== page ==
This article was published in thejakartapost.com with the title
“I have thought a lot about what people say: Live happily! … People don’t want to see the
naked truth. They turn away revolted from reality …. Earlier today, we were so shaken and
moved by an example of the suffering in life …..“ (Kartini’s letter to Mrs. Abendanon-Mandri,
April 8, 1902)
In the early 20th century, a young woman, not yet 20 years old, named Kartini, thought a lot
about her people, especially women.
Not long ago came the sad news of a young woman from a village in Karawang, a dangdut
singer with three children, named Irma Bule, 29 years old. She died after being bitten by a
poisonous snake during a performance. Irma Bule worked hard singing from village to
village, with a snake as a gimmick. It appears she used the snake, not only as an extra
attraction to her performance, but also to keep audience members, usually men, at bay.
Irma is the face of most Indonesian women. Hundreds of thousands of young women travel
overseas to work as domestic workers without adequate protection from sexual and
physical abuse and extreme exploitation. Irma is also the other face of the home helper or
maids in Indonesia no rights as workers, relying only on employers’ benevolence. As an
activist for several years working with maids and their families, I saw the horrors they suffer:
rejected by hospitals because they had no money, scarred for life by the cruelty of
employers, sources of profit for the hordes of “agents” shipping them overseas.
Then there are the thousands working for a pittance in malls, hotels, cafes and beauty
salons. Hundreds of thousands more work long shifts in the factories on a paltry minimum
wage – if they are lucky – and also often face sexual harassment. I witnessed close at hand
the lines of aching backs and fingers of hundreds of young women slaving for less than the
minimum wage in the factories on the edge of Jakarta, on so-called “long shifts”, scared
even of asking permission to go to the toilet.
And many like Irma end up forced into the dark alleys of prostitution, and even become
victims of trafficking.
That is the fate of most women in the real Indonesia. The feminism that focuses only on a
slogan demanding “the freedom to be me” won’t resonate among that majority. The
freedom they seek is from the structural abuse and exploitation, from poverty and sexism
that poverty, and the exhaustion it can cause, forces them to endure.
I do not mean to be pessimistic about the future of Indonesian women. However, real
change will only come if we face reality honestly.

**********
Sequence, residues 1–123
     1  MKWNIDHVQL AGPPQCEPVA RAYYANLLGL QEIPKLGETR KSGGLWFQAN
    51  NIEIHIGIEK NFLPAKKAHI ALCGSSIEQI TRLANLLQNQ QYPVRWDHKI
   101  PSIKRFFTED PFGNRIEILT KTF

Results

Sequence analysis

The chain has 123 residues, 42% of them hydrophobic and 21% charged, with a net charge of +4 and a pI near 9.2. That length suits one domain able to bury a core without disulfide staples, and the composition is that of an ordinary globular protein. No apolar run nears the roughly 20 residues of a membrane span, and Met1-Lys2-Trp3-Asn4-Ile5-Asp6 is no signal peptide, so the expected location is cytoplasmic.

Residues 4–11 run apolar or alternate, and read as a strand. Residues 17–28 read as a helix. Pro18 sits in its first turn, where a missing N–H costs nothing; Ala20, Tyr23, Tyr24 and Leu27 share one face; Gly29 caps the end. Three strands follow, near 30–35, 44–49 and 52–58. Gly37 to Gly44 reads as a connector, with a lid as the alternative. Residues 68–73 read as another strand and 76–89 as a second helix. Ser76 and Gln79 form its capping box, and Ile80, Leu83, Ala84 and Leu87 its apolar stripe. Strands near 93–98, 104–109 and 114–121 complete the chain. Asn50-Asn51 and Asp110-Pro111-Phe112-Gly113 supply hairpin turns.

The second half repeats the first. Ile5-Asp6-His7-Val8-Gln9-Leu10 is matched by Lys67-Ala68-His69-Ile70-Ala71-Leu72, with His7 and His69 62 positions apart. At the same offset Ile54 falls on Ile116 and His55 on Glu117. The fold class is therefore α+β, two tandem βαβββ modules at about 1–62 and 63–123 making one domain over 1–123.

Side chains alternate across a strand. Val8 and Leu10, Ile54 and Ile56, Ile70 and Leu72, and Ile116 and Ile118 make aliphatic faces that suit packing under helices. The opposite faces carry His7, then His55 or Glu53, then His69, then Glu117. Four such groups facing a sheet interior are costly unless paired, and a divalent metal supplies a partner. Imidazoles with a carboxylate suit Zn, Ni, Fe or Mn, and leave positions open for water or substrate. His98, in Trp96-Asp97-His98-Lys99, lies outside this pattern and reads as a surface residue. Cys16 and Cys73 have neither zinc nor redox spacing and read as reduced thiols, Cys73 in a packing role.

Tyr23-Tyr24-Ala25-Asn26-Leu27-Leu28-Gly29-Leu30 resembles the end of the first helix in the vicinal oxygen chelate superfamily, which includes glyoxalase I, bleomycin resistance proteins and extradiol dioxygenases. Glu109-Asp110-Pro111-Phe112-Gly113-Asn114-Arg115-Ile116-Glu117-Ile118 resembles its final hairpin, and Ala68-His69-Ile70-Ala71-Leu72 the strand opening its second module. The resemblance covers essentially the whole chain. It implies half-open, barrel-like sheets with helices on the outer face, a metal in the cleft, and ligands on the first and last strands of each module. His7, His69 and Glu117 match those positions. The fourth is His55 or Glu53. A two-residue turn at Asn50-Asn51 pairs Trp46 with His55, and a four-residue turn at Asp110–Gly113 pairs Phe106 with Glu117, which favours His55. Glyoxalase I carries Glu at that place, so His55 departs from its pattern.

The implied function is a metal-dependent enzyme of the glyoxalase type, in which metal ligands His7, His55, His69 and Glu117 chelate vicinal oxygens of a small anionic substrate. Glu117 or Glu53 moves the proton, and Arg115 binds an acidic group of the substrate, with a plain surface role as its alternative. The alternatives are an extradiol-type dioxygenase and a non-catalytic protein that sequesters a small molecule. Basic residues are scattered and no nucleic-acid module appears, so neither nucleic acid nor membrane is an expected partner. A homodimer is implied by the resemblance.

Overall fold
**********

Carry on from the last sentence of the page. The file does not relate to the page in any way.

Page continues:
Kartini was designated a national hero by Sukarno’ in 1964. Since then, on every April 21,
Kartini’s birthday, the country is invited to celebrate the “the success” of Indonesian
women. In celebrations, women and girls are paraded in a kebaya blouse, their hair in a
sanggul or traditional bun, or they join competitions like cooking. Today there are often
also fashion shows or discounts at malls for those women with the money to enjoy
But who was Kartini and what did she think? Indonesian men and women living under the
New Order know little about her. The beautiful and sharp writings of this heroine are still
not taught in school with any seriousness just as the real, every day work and social
situation of most women is never seriously discussed.
Any idealization of Kartini, without adequate discussion of what she struggled for, collides
with everyday reality as experienced by Irma Bule, by the hundreds of thousands of women
migrant workers and the tens of millions of others living in poverty or just above it.
But why are they absent from public conversation?
Or where they are present, they are used for distorted symbolic purposes. The National
Awakening Party recently elevated another dangdut singer , Zaskia Gotik, as their
Ambassador for Pancasila state ideology. Then the Defence Ministry, not wanting to be
outdone, appointed her as a Doctor for the Pancasila Clinic. Zaskia was renown for two
things. One was her “sexy” “duck wiggle” which made her a television celebrity. The other
was her notoriety after answering a question on Pancasila saucily, incurring criticism for
being disrespectful. Asked the symbol on the national emblem representing the fifth
principle of social justice, she answered “a duck bending over”. The correct answer was a
picture of rice and cotton.
Politicians and state officials are easily smitten with the popularity of a celebrity (usually
female celebrities) who they then make spokespersons on important issues. It is the
gimmick of hypocrisy.
Kartini Day celebrations are meaningless if the real situation of most women is not
addressed; if Irma Bule is ignored. Such celebrations will be hypocrisy when most women
are still entangled in poverty; when they face great risks of death during childbirth, due to
lack of nutrition and lack of access to health care in many villages.
Also, the actual words and ideas of Kartini must be made available, especially to women
and young people. It would not at all be beyond the government’s means to reprint on a
massive scale, Kartini’s collection of letters titled Habis Gelap Terbitlah Terang (Out of
darkness into light) and distribute them to all schools and sell it cheaply in bookshops.
The manipulation of Kartini and of women as a symbol must end. The real Kartini must be
studied. The real life of the majority of women must be understood. Perhaps getting the
state to help achieve article five of Pancasila, namely social justice for all Indonesians,
including, women, is going to need us, women and men, to act together.
The writer is a playwright, a theater producer and director and the founder of Institut
Ungu (Purple Institute, Women’s Art and Cultural Space).